Oboe, Bassoon & Beyond: The Double Reed Instruments of the Orchestra
Have you ever wondered what that long instrument was at the back of the winds, its red bell poking up above the other musicians? Or the instrument that looks like a clarinet, but isn’t it sitting with the others and sounds a bit different?
These two instruments are the oboe and bassoon—some of the oldest woodwind instruments in the orchestra. Where the clarinet and saxophone have a single reed mounted on a plastic mouthpiece, the oboe and bassoon haven a reed folded, tied together at the base, and clipped open, revealing two reeds nestled against each other. Thus they are called “double reeds.”
The origins of the oboe and bassoon can be traced as far back as ancient Greece, with the ancestral ‘aulos,” and later the ‘Shawm’ from the far East as it became popular in Europe’s medieval courts. Prominently displayed in baroque and early classical music, advancements in technology in the 18th and 19th centuries increased the range of the instruments with metal keys and pads to cover finger holes. Composers such as Handel, Bach, Haydn, and Mozart all wrote prolifically for the double reeds.
Their complicated mouthpieces are one of the reasons oboe and bassoon are often overlooked in beginner bands. However, as the student advances, a beautiful and soulful tone can develop, and is put to great use in the solos of major symphonic works in the 19th and 20th centuries. Because of their unique sounds, the instruments can also be used for playful character as well. For example, Sergei Prokofiev’s iconic Peter and the Wolf features the bassoon in the role of the grandfather and the oboe as the duck.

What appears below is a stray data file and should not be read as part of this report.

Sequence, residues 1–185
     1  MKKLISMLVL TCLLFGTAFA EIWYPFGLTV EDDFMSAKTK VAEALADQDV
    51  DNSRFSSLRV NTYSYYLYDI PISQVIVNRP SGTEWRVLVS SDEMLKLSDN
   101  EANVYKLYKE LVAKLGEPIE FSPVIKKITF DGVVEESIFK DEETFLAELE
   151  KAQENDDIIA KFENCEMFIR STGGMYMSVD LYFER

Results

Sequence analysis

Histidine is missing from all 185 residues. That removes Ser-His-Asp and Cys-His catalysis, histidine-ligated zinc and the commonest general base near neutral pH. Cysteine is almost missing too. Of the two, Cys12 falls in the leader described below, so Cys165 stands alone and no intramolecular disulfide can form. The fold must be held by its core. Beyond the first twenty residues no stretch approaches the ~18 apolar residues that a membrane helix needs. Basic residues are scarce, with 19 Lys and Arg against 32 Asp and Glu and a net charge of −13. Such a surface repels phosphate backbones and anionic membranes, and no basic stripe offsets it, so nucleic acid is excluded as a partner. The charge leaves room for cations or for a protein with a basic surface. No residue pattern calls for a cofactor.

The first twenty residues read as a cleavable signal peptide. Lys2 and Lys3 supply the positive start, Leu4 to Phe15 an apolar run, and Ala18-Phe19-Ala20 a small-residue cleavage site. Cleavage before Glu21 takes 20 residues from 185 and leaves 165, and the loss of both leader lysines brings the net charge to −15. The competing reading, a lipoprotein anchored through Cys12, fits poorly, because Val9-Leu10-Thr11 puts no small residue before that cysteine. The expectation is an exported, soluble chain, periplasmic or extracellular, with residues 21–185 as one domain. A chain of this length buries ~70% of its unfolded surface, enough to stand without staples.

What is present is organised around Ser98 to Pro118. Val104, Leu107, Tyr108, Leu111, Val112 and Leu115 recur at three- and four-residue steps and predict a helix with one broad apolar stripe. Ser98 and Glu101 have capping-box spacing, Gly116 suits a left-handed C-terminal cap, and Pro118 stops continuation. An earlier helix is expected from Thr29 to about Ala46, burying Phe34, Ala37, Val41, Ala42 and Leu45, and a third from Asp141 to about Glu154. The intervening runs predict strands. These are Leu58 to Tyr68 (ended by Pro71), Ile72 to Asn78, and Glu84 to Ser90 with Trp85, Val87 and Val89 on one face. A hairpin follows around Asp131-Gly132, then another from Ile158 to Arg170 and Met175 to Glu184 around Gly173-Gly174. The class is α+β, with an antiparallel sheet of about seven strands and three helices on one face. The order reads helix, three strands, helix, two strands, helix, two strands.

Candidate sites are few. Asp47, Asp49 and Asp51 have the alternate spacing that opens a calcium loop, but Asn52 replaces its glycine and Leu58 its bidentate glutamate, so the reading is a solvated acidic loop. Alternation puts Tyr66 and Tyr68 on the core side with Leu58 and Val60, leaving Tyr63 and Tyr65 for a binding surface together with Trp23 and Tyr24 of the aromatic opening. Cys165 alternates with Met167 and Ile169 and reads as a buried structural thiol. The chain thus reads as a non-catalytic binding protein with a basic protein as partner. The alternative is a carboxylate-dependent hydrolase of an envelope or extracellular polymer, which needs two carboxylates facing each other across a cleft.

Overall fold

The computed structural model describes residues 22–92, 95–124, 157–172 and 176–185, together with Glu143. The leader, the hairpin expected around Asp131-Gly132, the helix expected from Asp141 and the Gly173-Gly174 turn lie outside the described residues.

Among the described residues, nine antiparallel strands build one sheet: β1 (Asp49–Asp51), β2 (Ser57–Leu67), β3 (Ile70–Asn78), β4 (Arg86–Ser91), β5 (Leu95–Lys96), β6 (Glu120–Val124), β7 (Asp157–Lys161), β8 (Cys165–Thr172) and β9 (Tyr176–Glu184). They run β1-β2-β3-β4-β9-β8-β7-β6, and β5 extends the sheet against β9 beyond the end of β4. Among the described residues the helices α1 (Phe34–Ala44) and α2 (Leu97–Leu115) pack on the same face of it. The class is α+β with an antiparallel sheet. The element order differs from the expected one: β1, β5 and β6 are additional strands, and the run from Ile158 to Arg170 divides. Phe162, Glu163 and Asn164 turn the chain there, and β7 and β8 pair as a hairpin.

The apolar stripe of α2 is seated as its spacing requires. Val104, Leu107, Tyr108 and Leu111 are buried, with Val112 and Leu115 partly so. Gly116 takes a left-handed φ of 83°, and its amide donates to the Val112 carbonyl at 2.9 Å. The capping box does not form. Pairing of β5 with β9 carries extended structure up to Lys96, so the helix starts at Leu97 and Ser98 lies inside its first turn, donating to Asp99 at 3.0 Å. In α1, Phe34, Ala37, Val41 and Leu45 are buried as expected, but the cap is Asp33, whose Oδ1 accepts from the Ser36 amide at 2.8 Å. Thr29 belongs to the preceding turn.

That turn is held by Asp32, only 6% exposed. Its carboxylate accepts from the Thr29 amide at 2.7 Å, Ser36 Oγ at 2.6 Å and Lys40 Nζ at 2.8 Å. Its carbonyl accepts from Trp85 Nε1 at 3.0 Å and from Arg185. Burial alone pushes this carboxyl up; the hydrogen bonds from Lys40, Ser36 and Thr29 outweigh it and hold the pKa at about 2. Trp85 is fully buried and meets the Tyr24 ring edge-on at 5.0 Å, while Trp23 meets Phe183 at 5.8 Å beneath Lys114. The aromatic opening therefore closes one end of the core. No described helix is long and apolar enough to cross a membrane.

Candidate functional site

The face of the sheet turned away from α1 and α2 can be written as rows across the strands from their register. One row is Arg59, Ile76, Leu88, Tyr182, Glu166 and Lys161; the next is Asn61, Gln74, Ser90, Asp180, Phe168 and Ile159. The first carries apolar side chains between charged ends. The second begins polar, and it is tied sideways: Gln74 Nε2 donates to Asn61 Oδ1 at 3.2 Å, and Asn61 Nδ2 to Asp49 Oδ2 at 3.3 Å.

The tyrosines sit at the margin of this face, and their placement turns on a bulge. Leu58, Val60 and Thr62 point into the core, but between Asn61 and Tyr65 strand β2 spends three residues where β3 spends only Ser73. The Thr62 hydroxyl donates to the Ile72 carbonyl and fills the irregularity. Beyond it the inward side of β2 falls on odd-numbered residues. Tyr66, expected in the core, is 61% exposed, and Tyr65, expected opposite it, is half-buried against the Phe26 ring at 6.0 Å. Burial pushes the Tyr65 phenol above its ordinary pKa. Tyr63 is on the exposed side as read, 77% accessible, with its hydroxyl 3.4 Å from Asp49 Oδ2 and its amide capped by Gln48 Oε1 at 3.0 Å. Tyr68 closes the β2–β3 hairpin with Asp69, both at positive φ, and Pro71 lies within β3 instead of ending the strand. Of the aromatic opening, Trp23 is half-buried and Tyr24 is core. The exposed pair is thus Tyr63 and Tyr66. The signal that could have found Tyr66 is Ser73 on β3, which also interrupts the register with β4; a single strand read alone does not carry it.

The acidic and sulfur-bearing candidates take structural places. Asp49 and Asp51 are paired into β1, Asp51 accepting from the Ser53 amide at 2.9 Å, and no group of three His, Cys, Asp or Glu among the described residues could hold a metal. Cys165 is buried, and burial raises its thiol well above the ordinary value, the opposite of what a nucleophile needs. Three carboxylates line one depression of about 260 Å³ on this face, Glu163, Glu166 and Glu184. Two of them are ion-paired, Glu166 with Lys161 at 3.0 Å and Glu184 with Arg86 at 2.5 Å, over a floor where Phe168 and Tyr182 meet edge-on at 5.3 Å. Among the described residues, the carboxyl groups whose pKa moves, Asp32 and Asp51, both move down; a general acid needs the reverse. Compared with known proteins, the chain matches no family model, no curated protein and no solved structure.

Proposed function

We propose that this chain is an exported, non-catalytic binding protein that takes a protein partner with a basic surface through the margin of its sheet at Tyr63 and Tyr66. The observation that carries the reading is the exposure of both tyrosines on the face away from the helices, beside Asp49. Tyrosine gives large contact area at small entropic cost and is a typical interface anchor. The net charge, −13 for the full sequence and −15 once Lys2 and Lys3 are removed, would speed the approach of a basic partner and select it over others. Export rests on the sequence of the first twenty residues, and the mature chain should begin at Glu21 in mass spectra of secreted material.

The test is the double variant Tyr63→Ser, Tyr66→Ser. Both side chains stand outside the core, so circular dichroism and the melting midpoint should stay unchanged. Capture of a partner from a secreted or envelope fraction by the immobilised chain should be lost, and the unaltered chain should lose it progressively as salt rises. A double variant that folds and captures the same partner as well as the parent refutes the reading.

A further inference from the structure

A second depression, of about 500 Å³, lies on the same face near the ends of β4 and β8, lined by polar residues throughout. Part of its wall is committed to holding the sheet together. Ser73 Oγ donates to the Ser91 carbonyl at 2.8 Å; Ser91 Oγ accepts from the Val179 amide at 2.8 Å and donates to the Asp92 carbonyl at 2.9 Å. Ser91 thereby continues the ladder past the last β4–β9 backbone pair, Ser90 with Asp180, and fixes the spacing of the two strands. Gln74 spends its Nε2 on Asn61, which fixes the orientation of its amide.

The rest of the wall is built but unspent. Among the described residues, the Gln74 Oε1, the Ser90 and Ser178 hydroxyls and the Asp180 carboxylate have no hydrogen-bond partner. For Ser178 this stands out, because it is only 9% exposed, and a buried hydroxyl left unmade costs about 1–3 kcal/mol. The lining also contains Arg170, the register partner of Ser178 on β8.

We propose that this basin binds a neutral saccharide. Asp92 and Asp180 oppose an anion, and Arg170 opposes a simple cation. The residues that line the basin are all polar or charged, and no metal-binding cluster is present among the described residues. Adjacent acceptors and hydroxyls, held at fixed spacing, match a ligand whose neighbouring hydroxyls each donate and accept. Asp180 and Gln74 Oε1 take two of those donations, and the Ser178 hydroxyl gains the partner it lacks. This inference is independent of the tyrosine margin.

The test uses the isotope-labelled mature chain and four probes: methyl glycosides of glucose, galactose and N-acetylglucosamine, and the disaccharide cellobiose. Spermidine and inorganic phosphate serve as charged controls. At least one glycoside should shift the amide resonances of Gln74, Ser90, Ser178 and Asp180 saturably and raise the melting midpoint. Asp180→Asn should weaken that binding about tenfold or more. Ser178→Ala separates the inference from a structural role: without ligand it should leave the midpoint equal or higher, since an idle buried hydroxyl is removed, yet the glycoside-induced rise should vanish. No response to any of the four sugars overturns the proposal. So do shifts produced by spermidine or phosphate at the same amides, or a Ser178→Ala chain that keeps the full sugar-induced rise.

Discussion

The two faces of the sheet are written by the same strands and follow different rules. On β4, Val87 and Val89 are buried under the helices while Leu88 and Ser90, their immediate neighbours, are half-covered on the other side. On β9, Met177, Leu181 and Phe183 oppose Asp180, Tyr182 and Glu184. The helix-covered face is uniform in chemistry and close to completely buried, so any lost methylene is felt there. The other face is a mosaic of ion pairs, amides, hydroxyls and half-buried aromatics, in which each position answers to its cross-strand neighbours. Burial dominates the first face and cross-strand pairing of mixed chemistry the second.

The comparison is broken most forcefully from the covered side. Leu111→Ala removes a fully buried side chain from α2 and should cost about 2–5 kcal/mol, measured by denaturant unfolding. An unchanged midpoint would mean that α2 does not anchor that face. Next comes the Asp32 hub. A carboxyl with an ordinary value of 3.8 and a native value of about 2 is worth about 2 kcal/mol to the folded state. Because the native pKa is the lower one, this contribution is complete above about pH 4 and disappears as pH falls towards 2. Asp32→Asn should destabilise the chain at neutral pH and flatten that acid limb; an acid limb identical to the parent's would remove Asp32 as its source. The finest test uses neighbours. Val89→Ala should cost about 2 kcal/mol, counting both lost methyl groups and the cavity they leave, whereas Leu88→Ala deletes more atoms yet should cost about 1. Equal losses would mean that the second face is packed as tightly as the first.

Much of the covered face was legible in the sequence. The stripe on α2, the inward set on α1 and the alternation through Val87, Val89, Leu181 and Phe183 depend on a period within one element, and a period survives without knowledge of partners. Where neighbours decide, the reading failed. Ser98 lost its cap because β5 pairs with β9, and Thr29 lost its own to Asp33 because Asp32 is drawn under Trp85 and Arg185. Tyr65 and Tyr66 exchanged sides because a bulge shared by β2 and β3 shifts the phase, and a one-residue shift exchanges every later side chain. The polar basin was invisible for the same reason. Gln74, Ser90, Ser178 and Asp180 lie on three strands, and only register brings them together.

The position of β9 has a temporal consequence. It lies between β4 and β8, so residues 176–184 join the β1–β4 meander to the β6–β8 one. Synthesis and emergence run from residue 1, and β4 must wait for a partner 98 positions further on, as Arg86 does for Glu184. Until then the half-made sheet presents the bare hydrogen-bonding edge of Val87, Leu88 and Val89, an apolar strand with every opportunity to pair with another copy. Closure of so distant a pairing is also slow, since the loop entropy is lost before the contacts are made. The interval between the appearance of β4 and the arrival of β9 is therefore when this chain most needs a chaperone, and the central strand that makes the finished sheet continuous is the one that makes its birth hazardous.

As the Clarinet has family members in the small, high-pitched E-flat clarinet, down to the bass and contra clarinets, so do the double reeds. At the bottom of the staff lies the rumbling contra bassoon. It has a unique look rested on the floor, with its bell often designed to curve back around over the instrument. In between the voices of the oboe and bassoon is a middle-range occupied predominantly by the English horn (Cor Anglais) and its lesser-utilized siblings the oboe d’amore and bass oboe. There is even a high-pitched piccolo oboe. And although it’s rarely heard in an orchestral setting, the bagpipe is also a part of the double reed family. Inside the chanter (the pipe on which the melody is played) is a free-vibrating double reed, as well as inside every one of its drone pipes.
The oboe and bassoon are fascinating and challenging instruments, not for the faint of heart. Oboists and bassoonists are rewarded for their hard work with bold and beautiful solos in the orchestral repertoire and charming chamber music. The next time a tear is brought to your eye and your heart-strings tugged, it might just be summoned by the dolcet tones of the double reeds.